Hawaiian holidays: Kumu Hula O Lei Kukui O Moloka’i hosts dinner, Christmas show

The students of Kumu Hula O Lei Kukui O Moloka'i will replace their floral lei for Christmas garlands during a “Special Christmas Card From Hawaii” dinner and show.

click to enlarge From left to right, Kelani, 12, Sajsteen or "Kaleolani," 10, and Kiara or "Hokulani," 14, dance during a Kumu Hula O Lei Kukui O Moloka’i school practice in preparation for the "Special Christmas Card From Hawaii" dinner and show. - TRIBUNE/STEVE HANKS
Tribune/Steve Hanks
From left to right, Kelani, 12, Sajsteen or "Kaleolani," 10, and Kiara or "Hokulani," 14, dance during a Kumu Hula O Lei Kukui O Moloka’i school practice in preparation for the "Special Christmas Card From Hawaii" dinner and show.

Led by Bill Ka’aihue, the Clarkston hula and music school has about 35 students, ranging from 6 to 68 years old. Ka’aihue teaches hula, Polynesian, M?ori and Tahitian dances.

He owns a catering company on top of playing ukelele and singing for the school’s performances. Some of the Tahitian costumes, headdresses and skirts are designed by Bill and his cousin, which he said saves them more than $200 for each outfit.

For the school’s Christmas performance, audiences can expect to hear holiday and Hawaiian music, with up to 15 performers on stage at a time.

The babies are gonna do one Christmas song,” said Ka’aihue, as he described his beginning dancers.

click to enlarge Bill Ka’aihue and Margaret Guzman strum their ukuleles. - TRIBUNE/STEVE HANKS
Tribune/Steve Hanks
Bill Ka’aihue and Margaret Guzman strum their ukuleles.

Dancers will be accompanied by Ka’aihue while they perform, and before the show, a pianist, guitarist and bass guitarist will perform along with Ka’aihue and his ukelele.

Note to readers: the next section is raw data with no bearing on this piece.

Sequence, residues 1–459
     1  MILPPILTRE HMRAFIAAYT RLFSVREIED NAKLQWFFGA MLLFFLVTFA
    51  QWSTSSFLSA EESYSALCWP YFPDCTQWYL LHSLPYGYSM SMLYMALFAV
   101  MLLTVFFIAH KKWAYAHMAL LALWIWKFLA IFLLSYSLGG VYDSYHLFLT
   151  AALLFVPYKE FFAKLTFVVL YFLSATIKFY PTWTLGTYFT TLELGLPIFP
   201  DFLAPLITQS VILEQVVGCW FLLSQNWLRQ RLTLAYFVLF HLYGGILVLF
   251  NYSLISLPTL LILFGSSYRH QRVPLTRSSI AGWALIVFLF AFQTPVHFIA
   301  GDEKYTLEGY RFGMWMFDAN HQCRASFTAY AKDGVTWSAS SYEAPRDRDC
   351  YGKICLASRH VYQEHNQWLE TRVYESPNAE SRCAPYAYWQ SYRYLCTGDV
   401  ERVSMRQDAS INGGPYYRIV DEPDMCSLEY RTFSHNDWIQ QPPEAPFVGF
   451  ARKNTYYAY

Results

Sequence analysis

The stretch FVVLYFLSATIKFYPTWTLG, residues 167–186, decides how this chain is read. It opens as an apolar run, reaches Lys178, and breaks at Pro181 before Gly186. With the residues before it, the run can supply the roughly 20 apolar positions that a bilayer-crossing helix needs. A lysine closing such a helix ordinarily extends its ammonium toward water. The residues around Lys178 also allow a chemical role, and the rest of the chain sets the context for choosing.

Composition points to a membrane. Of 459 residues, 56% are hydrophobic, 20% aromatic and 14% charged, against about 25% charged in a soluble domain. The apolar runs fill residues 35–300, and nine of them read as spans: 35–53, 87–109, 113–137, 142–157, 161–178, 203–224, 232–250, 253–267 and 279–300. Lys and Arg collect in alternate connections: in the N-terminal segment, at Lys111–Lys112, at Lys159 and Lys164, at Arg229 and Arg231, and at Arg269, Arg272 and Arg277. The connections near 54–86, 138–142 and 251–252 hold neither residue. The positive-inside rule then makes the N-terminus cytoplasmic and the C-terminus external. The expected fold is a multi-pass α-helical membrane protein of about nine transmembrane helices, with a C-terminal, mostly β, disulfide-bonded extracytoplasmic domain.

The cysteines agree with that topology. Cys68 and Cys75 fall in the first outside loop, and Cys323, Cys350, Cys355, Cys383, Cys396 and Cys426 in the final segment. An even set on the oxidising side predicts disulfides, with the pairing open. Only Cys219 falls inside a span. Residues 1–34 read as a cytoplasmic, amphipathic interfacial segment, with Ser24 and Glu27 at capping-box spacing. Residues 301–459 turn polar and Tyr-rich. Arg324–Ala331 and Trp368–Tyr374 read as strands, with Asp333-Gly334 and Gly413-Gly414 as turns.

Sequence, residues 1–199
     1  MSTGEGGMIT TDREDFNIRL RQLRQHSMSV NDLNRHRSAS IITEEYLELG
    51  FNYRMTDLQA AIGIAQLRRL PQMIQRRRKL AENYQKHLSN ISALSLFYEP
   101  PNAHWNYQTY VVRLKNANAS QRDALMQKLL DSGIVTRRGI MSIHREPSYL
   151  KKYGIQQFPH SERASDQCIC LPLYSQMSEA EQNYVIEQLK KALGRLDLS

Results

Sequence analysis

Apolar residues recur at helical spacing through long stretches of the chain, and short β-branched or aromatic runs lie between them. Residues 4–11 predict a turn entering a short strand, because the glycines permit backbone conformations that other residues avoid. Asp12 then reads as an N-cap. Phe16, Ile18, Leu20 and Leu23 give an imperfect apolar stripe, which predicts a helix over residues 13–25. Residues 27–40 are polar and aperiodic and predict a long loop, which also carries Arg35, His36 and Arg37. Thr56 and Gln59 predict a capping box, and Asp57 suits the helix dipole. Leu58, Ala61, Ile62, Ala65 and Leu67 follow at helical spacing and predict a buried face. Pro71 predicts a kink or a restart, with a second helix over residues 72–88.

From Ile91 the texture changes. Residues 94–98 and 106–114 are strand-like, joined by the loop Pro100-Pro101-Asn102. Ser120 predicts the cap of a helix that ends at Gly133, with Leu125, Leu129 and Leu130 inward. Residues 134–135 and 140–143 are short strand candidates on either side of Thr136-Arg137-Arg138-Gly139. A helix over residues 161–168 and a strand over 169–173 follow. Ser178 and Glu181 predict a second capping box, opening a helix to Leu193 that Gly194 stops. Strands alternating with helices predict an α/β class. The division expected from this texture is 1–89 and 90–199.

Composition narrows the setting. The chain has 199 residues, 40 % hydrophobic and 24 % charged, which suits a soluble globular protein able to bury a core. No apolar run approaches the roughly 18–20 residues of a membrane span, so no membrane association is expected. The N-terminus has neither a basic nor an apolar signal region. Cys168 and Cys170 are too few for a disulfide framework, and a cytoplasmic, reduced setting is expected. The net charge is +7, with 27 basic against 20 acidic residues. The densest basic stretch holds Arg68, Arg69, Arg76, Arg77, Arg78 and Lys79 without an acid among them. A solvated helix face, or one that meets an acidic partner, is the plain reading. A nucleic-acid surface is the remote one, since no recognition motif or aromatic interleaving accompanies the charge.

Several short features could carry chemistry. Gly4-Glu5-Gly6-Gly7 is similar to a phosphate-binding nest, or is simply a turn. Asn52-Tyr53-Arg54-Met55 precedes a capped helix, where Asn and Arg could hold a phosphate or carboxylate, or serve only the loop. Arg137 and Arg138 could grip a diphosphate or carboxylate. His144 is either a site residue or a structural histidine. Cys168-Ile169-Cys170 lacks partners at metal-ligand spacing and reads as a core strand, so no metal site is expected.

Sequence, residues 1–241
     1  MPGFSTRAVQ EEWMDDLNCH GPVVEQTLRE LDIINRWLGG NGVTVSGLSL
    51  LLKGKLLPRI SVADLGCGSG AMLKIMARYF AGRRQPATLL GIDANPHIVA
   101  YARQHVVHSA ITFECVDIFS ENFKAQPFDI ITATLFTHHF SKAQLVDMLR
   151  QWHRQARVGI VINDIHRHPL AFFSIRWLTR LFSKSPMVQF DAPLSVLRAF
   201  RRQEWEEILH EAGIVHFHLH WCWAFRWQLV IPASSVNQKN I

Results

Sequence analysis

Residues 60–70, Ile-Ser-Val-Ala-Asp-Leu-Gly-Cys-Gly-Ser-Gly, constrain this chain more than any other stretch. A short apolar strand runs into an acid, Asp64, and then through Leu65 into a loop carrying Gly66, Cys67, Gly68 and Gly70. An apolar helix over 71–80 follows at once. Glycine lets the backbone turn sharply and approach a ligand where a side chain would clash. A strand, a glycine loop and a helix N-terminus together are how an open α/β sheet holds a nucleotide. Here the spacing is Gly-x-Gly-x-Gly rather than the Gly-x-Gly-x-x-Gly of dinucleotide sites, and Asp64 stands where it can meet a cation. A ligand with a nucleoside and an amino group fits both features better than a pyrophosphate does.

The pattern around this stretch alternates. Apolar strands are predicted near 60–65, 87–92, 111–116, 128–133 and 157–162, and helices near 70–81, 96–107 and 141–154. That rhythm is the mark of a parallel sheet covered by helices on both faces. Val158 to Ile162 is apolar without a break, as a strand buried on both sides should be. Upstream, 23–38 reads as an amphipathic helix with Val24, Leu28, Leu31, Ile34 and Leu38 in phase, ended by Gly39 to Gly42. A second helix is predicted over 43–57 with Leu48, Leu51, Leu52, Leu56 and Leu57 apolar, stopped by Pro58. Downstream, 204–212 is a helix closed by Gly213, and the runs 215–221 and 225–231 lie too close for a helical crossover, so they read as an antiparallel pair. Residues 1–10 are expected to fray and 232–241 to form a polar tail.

Most people are familiar with the Hawaiian holiday song, “Mele Kalikimaka,” written by Robert Alex Anderson in 1949. The phrase means “Merry Christmas.” Ka’aihue said this will be one of the few Christmas songs the band plays during the dinner.

Special Christmas Card From Hawaii” will take place Dec. 14 in Guardian Angel Hall, behind Valley Medical. Doors open at 5 p.m., the dinner runs from 6-7:30 p.m. and the show begins at 7:30 p.m. Pre-paid tickets are $15 and include the choice of prime rib or ham. Children, ages 5-10, cost $10 for chicken. All meals are served with mashed potatoes or rice, hot vegetables, tossed salad and rolls.

As for Christmas in Hawaii, Ka’aihue said it is exactly the same as it is in Clarkston.

Except the weather in Hawaii is the same all year long,” he said.

Treffry can be contacted at (208) 883-4640 or ltreffry@inland360.com. Follow her on Twitter @LindseyTreffry.

-> if you go: WHAT: “Special Christmas Card From Hawaii,” a dinner and show WHEN: Doors open at 5 p.m. Dec. 14. The dinner runs from 6-7:30 p.m. and the show begins at 7:30 p.m. WHERE: Guardian Angel Hall (behind Valley Medical), 2221 Vineyard Ave, Lewiston COST: $15 adults, $10 children, $20 at the door. Tickets can be purchased prior to the event by calling (208) 553-9556.

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